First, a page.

Uranium is dead, long live uranium


My Nuke

I live about thirty minutes southwest of Exelon Nuclear’s Limerick Generating Station, in Chester County, Pennsylvania, in what was once Old Byers Village. It just so happens, a year old study by the Nuclear Regulatory Commission (NRC) reemerged this week in the local newspaper.  The study data led to an investigation that concluded Exelon Nuclear’s Limerick Generating Station is the third most at risk of damage from an earthquake of all 104 nuclear plants in the nation.

The NRC looked at all 104 nuclear plants in the Unties States and increased the risk probability of an earthquake damaging many of them. Only eight had their risk of earthquake damage lowered.

The risk of an earthquake damaging either or both reactors at Limerick was increased by 141%,making it the third most at risk, after the Pilgrim Nuclear Plant in Plymouth, Massachusetts and the Indian Point Atomic Generating Station around BK’s way, in Buchanan, New York. The analysis found the chance of an earthquake damaging the plant was raised to 1 in 19,000, a change from the previous study where it was 1 in 45,000. My chance of experiencing an earthquake is 1000 times greater than me winning Powerball.

The analysis also revealed that of the top ten nuclear plants at most risk from earthquake damage, three are in my state, more than in any other. The other two are the Shippingport Atomic Power Station in Beaver County and the Three Mile Island plant in Dauphin. I sleep like a baby each night, as NRC’s spokesman recently said NRC will conduct a further study of Limerick in the future. He also spoke for Exelon who is confident in the Limerick plant’s ability to withstand whatever earthquakes might strike the region. Limerick was not designed or built with the necessity of withstanding a major earthquake in mind.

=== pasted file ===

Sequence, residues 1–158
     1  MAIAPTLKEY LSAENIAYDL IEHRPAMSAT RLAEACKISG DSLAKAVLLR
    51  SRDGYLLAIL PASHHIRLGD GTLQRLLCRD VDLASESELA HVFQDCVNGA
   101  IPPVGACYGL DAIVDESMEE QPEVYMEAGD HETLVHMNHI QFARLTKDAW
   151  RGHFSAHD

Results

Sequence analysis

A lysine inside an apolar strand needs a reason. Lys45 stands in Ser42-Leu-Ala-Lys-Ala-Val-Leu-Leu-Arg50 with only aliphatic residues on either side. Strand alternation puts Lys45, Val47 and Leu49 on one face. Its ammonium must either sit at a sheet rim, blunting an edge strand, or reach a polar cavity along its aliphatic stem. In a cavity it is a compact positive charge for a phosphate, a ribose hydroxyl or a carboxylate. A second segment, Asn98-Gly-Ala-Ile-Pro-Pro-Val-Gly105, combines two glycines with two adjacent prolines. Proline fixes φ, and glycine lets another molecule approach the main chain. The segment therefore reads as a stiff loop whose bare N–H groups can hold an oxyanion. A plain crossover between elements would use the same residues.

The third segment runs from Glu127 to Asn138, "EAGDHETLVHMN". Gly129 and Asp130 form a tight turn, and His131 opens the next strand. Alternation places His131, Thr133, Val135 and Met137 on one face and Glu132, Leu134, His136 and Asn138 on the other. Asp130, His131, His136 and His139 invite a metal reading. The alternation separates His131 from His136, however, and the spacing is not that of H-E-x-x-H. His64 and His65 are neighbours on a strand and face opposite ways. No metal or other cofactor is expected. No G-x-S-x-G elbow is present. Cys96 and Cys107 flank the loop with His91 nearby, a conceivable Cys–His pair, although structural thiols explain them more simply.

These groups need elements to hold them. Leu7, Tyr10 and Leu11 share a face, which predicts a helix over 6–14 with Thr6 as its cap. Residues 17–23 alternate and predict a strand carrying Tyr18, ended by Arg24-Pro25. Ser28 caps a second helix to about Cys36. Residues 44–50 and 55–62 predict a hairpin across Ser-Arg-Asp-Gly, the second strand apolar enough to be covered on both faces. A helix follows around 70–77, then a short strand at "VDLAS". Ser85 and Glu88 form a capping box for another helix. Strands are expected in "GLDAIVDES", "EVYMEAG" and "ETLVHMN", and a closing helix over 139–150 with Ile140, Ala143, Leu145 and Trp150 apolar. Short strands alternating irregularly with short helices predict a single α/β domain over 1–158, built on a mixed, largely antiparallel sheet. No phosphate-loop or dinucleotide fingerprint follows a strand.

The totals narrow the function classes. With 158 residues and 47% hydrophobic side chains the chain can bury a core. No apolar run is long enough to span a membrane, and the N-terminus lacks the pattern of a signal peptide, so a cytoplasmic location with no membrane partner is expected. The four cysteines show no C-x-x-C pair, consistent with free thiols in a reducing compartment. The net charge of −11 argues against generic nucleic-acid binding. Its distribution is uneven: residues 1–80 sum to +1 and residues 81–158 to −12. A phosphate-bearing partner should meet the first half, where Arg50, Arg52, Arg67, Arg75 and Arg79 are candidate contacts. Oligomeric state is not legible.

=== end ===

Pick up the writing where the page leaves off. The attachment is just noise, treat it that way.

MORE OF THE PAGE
In my life there have been paths I wish I had taken and choices that might have been better. But I don’t have an instant replay button or time machine remote control. The question I ask myself each time I feel uneasy is whether the cause of my worry is something within my immediate control to fix. If I reckon it’s not, I let it go. I take stock each day for my family, some great friends and for the other many blessings in my life because at different times in the past, I have waited until it was to late to do so.

Nope, I’d rather not live close to a nuke plant especially one that makes the shit list, but what can I do? On my way home from work today, I stopped by the local hardware store and picked up a couple 5 gallon gas cans, just in case. An optimist that carries a raincoat.  There are a lot of other things more likely to take me out.


Still Long and So Long

This week one of my brothers was dumping uranium shares, as I was picking them up. Bizarre, as my bro subscribes to the contrarian philosophy so regularly. No worries, I feel solid about future demand for number 92. So long to the feeble.